Making TV's in the USA again............ Interesting stuff

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    Apr 28, 2012 12:48 PM GMT

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    Apr 28, 2012 1:32 PM GMT
    I thought TV's were going to be phased out soon.
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    Apr 28, 2012 1:54 PM GMT
    Just a few years ago you could buy Pioneer Plasma tv's which were made in America. Problem was they were so expensive that nobody would buy them even though they out performed any of their competitors. I would still take a pioneer plasma over any tv out there now, if i could still get my hands on one.
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    Apr 28, 2012 2:51 PM GMT
    Scruffypup saidI thought TV's were going to be phased out soon.


    By what ? 4K res LCD TV's are on the way soon so expect to see them for a long time yet.
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    Apr 28, 2012 3:01 PM GMT
    I remember as a little kid, both my parents and grandparents had only Curtis Mathes (spelling?) TVs and audio equipment in the house.
    Those were really quality items made here in the US surprisingly so.
    They are all crammed up in the attics now.

    Tristan
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    Apr 28, 2012 3:07 PM GMT
    I inherited an American made Zenith t.v. from the 70's (much like this one) and it had only one service call in its whole life. I had this set up until three years ago and it still had a reasonably good picture! The wood was a good quality walnut and the set was still as new. Will we ever see products again that aren't made with built-in obsolescence? Will we ever have any phone or t.v. last more than thirty years? (This is my rant for the day - - - - I sometimes resent having to buy new stuff that doesn't last very long, when I remember how beautifully things were once made).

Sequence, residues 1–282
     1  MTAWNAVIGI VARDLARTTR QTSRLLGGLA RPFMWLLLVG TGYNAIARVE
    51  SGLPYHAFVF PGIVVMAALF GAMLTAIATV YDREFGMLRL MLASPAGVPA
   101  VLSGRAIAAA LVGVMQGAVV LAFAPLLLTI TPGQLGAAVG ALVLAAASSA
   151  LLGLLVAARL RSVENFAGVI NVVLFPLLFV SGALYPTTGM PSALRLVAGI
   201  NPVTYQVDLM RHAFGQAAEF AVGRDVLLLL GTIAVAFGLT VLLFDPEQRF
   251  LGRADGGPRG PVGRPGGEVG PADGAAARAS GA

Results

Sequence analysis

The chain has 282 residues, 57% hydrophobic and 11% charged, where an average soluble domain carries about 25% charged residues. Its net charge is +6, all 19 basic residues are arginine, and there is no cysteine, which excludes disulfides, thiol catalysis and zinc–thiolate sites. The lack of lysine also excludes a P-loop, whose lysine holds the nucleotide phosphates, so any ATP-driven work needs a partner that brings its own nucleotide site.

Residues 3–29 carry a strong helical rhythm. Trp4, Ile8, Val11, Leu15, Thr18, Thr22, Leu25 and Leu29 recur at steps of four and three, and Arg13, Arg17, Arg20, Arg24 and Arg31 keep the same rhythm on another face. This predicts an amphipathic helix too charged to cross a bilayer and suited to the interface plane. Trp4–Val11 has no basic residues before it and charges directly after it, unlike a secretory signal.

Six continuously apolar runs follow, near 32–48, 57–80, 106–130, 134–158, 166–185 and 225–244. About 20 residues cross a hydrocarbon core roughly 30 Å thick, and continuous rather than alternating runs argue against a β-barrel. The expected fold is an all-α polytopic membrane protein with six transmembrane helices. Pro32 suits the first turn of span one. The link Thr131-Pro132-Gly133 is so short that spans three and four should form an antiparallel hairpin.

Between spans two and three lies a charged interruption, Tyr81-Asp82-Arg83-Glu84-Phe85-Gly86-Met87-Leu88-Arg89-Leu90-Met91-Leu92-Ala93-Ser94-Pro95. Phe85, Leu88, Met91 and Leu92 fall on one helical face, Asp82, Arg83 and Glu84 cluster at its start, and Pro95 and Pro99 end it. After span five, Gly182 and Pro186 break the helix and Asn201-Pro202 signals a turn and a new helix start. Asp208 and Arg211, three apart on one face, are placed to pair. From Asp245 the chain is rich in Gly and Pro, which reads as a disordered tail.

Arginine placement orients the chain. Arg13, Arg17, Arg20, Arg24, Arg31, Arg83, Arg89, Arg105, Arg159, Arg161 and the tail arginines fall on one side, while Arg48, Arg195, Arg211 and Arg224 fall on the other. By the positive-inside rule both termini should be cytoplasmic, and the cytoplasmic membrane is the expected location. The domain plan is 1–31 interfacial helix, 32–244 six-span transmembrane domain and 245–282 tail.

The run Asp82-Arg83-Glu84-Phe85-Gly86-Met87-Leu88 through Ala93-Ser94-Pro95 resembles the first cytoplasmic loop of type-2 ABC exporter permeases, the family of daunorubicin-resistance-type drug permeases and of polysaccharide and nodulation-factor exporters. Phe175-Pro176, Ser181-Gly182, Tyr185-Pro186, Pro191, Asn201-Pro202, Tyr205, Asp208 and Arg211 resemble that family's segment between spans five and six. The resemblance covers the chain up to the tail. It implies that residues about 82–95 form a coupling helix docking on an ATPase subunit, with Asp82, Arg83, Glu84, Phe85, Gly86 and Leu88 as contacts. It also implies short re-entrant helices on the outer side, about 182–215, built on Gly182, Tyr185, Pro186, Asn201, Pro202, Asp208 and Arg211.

504x_1981-Zenith-TV.JPG
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    Apr 28, 2012 3:16 PM GMT

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    Apr 28, 2012 3:33 PM GMT
    This is good news. Especially for Detroit.

    But, they aren't "making" the sets, they are "assembling them" from foreign part sources. Like a foreign car brand that is "made" here typically involves an engine and transmission that has been imported as a module. My Volvo has an engine that was made in Sweden, attached to a transmission from Japan and surrounded by parts made in Germany.

    An "American Made" TV still has an LCD assembly imported from Korea, Japan, or Taiwan.
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    Apr 28, 2012 3:41 PM GMT
    BkBkBk saidJust a few years ago you could buy Pioneer Plasma tv's which were made in America. Problem was they were so expensive that nobody would buy them even though they out performed any of their competitors. I would still take a pioneer plasma over any tv out there now, if i could still get my hands on one.


    Plasma still is the way to go for 3D due to its higher refresh rate over LCD. But, on PQ, LCDs caught up and use significantly less electricity. Now the marketing is aimed at having a half-inch thick TV to hang on the wall with built-in internet video streaming. Plasma can't do that.

    Pioneer's Kuro plasma had the best black-levels of any display ever made. And, even in 2010 when they stopped manufacturing them altogether in Japan, it was an $8,000 set.

    Japanese companies set up plans to assemble their sets in Mexico for North America. But, the tubes and subassemblies were built in Japan.